The beginning

First Years

Authorities inaugurating a control tower

Air traffic control was born in Spain in the decade of the ‘50s as a branch of the military inside a dictatorial regime, so as one may well imagine, demands could not go beyond the established procedures. In 1967 the unit dedicated to air traffic control was created, and in the early ‘70s Manuel de la Haza who was both a controller and a lawyer, tried to write something similar to a controllers’ statutes, which were obviously turned down by the military authorities.

However, the collective, especially the younger ones, realized that they needed to get together in order to achieve their demands, which had mostly to do with air safety. The situation in Barcelona ACC, whose staff was reinforced every summer with compulsory commissioned people, was totally untenable. In August 1976, a group of young controllers, supported by one of the supervisors (Alfonso Carrera), protested for the first time, and controllers received the promise that management would improve their working conditions and that they would break away from the Ministry of Air Defence competences

New organizations

Seeing that these promises fell on deaf ears, in January 1981 a new conflict took place, which ended with the president of Spain, D. Adolfo Suárez’s, resignation, just three weeks before the attempted coup d’etat on the 23rd of February.

It was then that local unions started to merge under the umbrella of AFECA (Federal Association of Spanish Air Traffic Controllers), later ACECA (when it became a confederation). There was also another union called ASCETA that didn’t become part of the federation.

In the mid-eighties, the collective had to face frontal attacks from the administration, like in Easter 1985, when in the context of a hard dispute involving the air traffic controllers in Palma, the ex-minister Enrique Barón received a sentence after describing controllers as “microphone terrorists”.


Oddly enough, it was not until the ministry broke an agreement that controllers got together. As time went by, it was clear that the company was not going to pay the controllers what it was obliged to after the Palma case. A local union in Catalunya, ASAC, called for a strike in 1987, bypassing the confederation. The strike was a total success and all the demands were attended, which left the ACECA so badly injured that it was dissolved a few years later. Many controllers from units all over Spain requested to join ASCAC, which was not possible since it was against their statutes. They took the smart decision of creating a new union at national level that would gather all the small regional assemblies and associations.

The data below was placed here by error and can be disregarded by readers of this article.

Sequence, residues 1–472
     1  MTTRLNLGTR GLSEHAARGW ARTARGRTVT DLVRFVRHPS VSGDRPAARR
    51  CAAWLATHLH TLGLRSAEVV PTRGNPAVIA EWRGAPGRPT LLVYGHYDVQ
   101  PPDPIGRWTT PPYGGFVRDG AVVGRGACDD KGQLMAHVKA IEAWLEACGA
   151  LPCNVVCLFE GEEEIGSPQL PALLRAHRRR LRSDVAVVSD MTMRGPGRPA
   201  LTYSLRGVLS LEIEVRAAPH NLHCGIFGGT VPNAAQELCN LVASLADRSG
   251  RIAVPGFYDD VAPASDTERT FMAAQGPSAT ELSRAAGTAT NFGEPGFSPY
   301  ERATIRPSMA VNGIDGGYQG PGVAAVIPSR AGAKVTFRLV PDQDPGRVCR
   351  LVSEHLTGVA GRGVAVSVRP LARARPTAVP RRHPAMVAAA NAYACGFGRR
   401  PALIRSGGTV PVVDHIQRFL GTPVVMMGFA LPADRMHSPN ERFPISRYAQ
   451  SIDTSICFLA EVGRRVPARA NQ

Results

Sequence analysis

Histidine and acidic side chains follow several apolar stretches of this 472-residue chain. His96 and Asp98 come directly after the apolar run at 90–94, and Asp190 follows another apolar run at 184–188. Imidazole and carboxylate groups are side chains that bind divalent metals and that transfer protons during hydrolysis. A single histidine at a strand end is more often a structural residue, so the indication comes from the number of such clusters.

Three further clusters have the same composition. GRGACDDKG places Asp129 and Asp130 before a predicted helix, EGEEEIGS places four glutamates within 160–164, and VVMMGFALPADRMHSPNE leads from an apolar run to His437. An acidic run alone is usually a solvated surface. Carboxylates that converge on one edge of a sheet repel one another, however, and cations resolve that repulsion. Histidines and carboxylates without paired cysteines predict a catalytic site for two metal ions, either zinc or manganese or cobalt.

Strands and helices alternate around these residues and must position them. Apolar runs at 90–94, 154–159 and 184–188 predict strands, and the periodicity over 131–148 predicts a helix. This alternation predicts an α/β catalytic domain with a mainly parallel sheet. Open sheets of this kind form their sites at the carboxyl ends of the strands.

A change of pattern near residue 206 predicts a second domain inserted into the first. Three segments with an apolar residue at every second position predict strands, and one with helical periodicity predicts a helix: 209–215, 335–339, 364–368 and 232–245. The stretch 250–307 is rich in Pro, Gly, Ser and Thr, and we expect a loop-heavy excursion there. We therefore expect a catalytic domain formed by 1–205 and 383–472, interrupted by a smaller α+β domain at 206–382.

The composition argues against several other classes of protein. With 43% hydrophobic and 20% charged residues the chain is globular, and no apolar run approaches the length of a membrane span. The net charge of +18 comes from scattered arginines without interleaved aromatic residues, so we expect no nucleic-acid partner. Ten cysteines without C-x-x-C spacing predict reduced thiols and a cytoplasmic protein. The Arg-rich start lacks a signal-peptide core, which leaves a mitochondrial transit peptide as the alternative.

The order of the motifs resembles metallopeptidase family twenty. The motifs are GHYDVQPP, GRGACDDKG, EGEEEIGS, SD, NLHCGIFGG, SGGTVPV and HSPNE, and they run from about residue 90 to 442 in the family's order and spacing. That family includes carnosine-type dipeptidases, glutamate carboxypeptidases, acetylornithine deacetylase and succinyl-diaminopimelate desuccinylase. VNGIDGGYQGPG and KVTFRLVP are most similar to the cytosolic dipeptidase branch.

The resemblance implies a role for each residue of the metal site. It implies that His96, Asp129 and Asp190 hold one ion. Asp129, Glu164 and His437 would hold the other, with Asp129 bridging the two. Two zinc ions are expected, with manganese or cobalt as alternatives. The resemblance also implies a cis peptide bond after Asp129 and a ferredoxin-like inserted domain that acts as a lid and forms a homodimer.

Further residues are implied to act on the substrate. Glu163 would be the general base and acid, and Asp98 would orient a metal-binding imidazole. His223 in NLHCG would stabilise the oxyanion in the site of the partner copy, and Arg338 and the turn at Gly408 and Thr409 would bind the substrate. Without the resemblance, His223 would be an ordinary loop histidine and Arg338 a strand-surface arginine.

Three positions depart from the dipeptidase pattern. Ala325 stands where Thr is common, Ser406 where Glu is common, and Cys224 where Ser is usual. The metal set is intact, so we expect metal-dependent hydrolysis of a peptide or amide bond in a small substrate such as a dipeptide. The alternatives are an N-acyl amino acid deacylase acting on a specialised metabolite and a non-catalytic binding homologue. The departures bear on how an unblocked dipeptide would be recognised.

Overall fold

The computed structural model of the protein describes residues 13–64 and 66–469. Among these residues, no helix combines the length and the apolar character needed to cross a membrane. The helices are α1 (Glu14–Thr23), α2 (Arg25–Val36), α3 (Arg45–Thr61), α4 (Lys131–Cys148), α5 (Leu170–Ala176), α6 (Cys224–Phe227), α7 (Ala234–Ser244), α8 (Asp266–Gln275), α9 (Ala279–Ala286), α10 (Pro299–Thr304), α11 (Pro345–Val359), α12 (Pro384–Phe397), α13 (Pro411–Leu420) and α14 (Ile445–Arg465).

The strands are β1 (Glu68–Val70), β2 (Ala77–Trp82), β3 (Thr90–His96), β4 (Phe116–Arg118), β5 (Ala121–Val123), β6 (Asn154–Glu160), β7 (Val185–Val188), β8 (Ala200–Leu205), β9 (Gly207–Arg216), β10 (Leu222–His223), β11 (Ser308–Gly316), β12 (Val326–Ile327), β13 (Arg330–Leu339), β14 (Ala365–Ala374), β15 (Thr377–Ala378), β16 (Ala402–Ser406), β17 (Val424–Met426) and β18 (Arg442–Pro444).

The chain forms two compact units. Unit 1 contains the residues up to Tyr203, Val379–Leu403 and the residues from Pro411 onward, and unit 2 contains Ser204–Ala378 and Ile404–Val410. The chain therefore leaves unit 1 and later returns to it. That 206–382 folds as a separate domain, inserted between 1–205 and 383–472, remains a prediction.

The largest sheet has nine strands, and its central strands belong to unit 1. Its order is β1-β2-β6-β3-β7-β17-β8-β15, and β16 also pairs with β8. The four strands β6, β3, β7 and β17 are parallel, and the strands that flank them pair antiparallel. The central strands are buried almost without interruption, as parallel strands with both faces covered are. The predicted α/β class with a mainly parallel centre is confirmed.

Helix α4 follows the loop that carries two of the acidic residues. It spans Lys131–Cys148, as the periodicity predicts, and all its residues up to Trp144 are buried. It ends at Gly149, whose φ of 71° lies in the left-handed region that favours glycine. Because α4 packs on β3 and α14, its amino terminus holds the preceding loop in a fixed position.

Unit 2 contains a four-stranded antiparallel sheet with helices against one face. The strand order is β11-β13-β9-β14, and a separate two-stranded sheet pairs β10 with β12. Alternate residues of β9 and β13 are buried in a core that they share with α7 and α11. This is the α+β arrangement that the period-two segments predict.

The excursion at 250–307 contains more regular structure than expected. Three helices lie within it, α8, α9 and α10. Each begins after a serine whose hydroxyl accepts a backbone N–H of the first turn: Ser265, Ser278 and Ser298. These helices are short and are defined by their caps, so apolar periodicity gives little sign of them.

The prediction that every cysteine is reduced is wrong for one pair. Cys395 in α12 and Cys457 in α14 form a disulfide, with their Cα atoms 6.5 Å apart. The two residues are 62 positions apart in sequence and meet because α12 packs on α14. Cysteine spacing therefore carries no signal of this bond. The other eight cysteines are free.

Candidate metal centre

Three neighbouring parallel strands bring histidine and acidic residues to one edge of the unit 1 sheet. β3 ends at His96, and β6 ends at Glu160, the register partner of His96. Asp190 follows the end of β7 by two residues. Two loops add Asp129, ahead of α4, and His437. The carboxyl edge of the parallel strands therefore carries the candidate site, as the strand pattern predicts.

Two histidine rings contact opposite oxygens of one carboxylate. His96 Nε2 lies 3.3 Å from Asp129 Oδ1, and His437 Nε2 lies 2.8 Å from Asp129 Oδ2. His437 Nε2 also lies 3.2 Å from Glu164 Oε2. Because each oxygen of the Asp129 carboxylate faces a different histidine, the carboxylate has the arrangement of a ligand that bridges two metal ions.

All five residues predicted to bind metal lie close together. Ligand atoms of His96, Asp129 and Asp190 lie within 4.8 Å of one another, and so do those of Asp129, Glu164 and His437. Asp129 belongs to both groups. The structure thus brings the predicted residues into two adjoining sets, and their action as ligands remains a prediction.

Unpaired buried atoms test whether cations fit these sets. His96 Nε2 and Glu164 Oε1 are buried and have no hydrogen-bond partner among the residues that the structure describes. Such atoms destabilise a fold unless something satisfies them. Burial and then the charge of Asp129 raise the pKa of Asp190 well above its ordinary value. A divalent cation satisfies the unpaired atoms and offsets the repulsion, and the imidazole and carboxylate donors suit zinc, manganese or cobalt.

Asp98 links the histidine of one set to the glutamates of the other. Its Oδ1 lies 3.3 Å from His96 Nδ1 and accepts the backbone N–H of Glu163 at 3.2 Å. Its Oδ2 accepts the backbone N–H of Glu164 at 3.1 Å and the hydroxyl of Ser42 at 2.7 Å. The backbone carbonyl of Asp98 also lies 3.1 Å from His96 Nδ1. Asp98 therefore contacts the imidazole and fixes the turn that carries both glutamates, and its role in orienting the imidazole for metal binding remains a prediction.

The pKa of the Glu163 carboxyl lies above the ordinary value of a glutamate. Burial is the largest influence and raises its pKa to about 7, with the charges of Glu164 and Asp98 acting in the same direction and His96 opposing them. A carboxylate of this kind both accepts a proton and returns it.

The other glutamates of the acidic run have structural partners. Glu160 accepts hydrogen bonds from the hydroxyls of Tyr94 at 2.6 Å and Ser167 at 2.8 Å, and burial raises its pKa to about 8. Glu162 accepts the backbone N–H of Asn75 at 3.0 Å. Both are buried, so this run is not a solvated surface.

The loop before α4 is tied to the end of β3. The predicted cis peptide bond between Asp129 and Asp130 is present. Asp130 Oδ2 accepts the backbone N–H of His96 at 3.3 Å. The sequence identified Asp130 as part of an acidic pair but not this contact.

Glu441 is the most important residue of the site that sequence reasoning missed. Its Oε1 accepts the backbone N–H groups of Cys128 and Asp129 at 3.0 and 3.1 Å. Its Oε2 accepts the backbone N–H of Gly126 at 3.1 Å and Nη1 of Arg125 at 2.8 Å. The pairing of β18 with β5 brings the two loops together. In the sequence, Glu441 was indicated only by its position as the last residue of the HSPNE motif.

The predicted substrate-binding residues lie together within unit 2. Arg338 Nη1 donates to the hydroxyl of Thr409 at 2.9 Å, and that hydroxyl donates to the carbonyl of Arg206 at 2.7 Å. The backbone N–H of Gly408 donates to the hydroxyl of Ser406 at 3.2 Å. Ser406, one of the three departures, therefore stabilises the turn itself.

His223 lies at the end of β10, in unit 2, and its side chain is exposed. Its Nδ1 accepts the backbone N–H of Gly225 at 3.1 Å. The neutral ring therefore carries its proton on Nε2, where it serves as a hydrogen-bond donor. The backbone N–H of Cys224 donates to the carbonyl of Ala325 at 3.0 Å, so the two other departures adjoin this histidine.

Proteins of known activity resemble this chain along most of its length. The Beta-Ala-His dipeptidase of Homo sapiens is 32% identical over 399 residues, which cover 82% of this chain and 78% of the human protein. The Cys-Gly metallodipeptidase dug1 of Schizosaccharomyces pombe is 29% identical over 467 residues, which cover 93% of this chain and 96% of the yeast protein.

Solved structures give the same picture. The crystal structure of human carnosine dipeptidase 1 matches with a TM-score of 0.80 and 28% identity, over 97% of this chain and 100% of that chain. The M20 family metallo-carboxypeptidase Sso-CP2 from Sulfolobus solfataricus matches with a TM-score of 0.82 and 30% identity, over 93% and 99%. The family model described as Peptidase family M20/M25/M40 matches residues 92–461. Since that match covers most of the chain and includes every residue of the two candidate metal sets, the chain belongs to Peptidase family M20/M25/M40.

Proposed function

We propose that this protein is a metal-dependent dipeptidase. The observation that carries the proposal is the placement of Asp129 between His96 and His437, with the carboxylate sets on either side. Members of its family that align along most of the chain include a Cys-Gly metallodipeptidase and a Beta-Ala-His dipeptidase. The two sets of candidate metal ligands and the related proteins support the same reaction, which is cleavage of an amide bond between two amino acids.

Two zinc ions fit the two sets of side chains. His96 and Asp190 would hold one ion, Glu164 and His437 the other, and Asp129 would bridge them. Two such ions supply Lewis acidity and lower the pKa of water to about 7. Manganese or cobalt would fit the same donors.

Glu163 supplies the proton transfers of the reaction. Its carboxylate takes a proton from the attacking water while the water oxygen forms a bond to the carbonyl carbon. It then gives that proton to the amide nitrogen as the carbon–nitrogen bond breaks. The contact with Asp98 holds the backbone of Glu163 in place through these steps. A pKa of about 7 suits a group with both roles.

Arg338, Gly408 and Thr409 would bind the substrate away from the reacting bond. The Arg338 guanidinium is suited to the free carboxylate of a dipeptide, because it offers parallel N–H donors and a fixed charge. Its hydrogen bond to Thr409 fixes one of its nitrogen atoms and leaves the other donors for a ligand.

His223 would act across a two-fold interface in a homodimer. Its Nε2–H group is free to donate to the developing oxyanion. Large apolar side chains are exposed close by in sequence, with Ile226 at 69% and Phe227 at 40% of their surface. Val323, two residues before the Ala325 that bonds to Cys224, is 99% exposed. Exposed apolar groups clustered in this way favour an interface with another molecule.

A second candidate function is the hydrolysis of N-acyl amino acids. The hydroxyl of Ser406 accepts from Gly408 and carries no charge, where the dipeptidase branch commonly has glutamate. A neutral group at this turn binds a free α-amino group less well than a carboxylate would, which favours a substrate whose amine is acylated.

This is how USCA was born, and Juan María García Gil would be the president until the summer of 2010.

Trade Union Unity

First Barcelona Tower. In the background, the second one. 1965
First Barcelona Tower. In the background, the second one. 1965

With a single voice representing the collective, it was now much easier to deal with the problems. The union would nonetheless have to overcome some hard obstacles, such as the loss of the condition of civil servants, the creation of ECCA (the controllers’ statutes) or the handing over of Zaragoza airport to military hands, which caused severe uprooting problems that led to a new call for a strike in 1990. This strike never took place thanks to the cooperating spirit of all the parties involved.

In 1992, Aeropuertos Españoles (the Spanish network of airports) and Navegación Aérea (the air navigation services) merged into the new Aena, in which controllers and company maintained social peace for over twenty years, largely due to successive agreements extending the working hours.